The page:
‘The Australians divided themselves into tribes… The tribe did not have a king, or charismatic leaders, or even a formal council. It was linked together by a common religion, by language and by an intricate web of family relationships…’ (9)

2. Treatment of Women

‘… the unalterable fact of their tribal life was that women had no rights at all and could choose nothing. A girl was usually given away as soon as she was born. She was the absolute property of her kin until marriage, whereupon she became the equally helpless possession of her husband. Before and after [marriage], she was merely a root-grubbing, shell-gathering chattel, whose social assets were wiry arms, prehensile toes and a vagina…

As a mark of hospitality, wives were lent to visitors whom the Iora tribesmen wanted to honour… If a woman showed the least reluctance to be used for any of these purposes, if she seemed lazy or gave her lord and master any other cause for dissatisfaction, she would be furiously beaten or even speared.’ (16)

3. Written Language

‘… it had no writing, but instead a complex structure of spoken and sung myth whose arcana were gradually passed on by elders to the younger men.’ (9)

4. Architecture

‘They were far more backward than any Bedouin or Plains Indian. They used what they could find: the sandstone caves of the harbour shores, with sheets of bark propped up for crude “humpies.”’ (13)

5. Agriculture 

‘… that the Iora had no conception of agriculture. They neither sowed nor reaped; they appear to have wrought no changes on the face of the country. They were seen as culturally stative primitives lightly wandering in an ecologically static landscape, which seemed to eliminate any claims they might have had to prior ownership.’ (12)

6. Technology

‘Compared to an American Indian birch canoe, they were unstable craft and wretchedly crude, “by far the worst canoes I ever saw or heard of… They had neither outriggers nor sails (the Iora were ignorant of weaving); low in the water, they flexed with every ripple and leaked like sieves.’ (11)

7. Literature & Religion

‘… they had few of the external signs of religious belief: no temples or altars or priests, no venerated images set up in public places, no evidence of sacrifice or (apart from the corroborees) of communal prayer.’ (17)

8. Education & Art

‘… they scratched crude patterns on the walls that may be the first works of art ever made in the southern hemisphere — the merest graffiti, compared to the later achievements of aboriginal rock-painting, but clear evidence of some primal artistic intent.’ (9)

9. Health Care 

‘Since the Iora never washed, they spent their lives coated with a mixture of rancid fish oil, animal grease, ochre, beach sand, dust and sweat. They were filthy and funky in the extreme.’ (14)

10. Military 

‘Skirmishing with other clans, or with foreign tribes along the frontier between tribal territories, was an inevitable fact of nomadic life… They had no “specialist” army. They recognized no distinction between fighters and civilians, or between hunter and warrior.’ (15)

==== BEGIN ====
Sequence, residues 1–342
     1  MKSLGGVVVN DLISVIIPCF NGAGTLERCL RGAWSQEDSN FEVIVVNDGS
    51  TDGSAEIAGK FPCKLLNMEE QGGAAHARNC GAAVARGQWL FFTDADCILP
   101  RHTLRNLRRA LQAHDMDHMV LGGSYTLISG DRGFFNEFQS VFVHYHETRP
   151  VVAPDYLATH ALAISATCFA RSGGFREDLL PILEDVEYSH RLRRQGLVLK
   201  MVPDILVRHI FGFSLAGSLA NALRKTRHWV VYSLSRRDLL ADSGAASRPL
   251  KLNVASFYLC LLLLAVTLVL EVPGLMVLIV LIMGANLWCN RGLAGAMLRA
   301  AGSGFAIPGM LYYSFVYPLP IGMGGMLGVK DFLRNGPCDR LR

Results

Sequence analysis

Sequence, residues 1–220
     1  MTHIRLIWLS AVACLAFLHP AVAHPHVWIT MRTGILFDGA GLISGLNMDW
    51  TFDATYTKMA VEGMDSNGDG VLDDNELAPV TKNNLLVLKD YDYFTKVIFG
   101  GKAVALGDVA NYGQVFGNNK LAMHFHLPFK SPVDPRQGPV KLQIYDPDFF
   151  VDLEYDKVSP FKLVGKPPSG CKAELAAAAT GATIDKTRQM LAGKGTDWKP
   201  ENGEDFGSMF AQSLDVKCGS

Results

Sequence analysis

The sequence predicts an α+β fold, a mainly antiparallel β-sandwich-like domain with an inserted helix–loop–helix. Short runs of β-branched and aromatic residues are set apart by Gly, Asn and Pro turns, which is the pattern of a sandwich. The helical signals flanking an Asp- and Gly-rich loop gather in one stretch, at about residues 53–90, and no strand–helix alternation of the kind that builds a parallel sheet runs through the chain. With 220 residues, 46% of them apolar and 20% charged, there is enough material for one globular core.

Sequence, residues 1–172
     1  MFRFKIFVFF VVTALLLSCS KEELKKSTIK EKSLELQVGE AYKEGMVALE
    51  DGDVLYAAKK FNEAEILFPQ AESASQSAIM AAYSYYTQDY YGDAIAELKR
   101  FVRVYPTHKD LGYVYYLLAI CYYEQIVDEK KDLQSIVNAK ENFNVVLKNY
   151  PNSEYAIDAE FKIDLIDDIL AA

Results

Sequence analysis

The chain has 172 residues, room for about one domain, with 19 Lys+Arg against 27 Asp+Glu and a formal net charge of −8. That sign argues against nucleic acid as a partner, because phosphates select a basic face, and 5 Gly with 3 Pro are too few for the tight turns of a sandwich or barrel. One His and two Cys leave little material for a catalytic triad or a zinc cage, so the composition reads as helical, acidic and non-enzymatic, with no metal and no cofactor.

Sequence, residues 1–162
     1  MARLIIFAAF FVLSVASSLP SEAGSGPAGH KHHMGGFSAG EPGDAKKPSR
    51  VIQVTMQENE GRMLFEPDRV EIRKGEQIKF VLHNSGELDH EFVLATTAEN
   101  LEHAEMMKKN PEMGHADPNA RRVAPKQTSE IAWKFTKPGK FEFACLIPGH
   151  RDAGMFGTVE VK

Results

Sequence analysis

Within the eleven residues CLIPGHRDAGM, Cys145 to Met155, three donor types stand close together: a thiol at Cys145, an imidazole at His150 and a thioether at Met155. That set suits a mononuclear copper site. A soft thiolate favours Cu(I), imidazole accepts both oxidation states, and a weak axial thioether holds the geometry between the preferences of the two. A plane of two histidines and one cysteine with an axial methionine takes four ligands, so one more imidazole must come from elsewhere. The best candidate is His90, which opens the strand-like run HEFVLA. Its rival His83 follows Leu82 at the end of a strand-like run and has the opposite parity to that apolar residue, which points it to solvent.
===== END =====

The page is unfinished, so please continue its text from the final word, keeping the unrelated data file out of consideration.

11. Currency 

No property, no money or any other visible medium of exchange; no surplus or means of storing it, hence not even the barest rudiment of the idea of capital; no outside trade, no farming, no domestic animals except half-wild camp dingoes; no houses, clothes, pottery or metal; no division between leisure and labour, only a ceaseless grubbing and chasing for subsistence foods.’ (14)

12. Acts of ‘Compassion’

‘To get rid of surplus children, the Iora, like all other Australian tribes, routinely induced abortions by giving the pregnant women herbal medicines or, when these failed, by thumping their bellies. If these measures failed, they killed the unwanted child at birth. Deformed children were smothered or strangled. If a mother died in childbirth, or while nursing a child in arms, the infant would be burned with her after the father crushed its head with a large stone.’ (17)

The Greatest Blessing of All

Reviewing each of these twelve categories shows just how far as a civilisation and culture all of Australia has come. And the fact that people like Lidia Thorpe and Jacinta Price can be elected to federal parliament illustrates that there is no program of systemic racism occurring here.

But, without question, the greatest blessing of all to indigenous Australians has been the preaching of the Gospel. According to the 2016 survey compiled by the Australian Bureau of Statistics:

The 2016 Census showed that there were broad similarities in the religious affiliation of Australia’s Aboriginal and Torres Strait Islander population and the non-Indigenous population. Overall, 54% of Aboriginal and Torres Strait Islander peoples reported a Christian affiliation, almost the same proportion as the non-Indigenous population (55%).

In 2016, less than 2% of the Aboriginal and Torres Strait Islander population reported adherence to Australian Aboriginal Traditional religions or beliefs. This has remained steady over the last 20 years.

Significantly, this means that a staggering 98% of indigenous Australians have abandoned their traditional religious beliefs, with the overwhelming majority still identifying with Christianity (and historically this figure was even higher).

As any Christian would affirm, the greatest blessing of all is to receive the good news of salvation. For there is no other name under heaven given to men by whom we must be saved (see Acts 4:12; John 14:6). And if colonisation never occurred in Australia, then neither would the spread of Christianity. But, once again, this has to be the greatest blessing of all.


Image: Painting by E. Phillips Fox depicting the landing of Lieutenant James Cook, Royal Navy, at Botany Bay, 29 April 1770.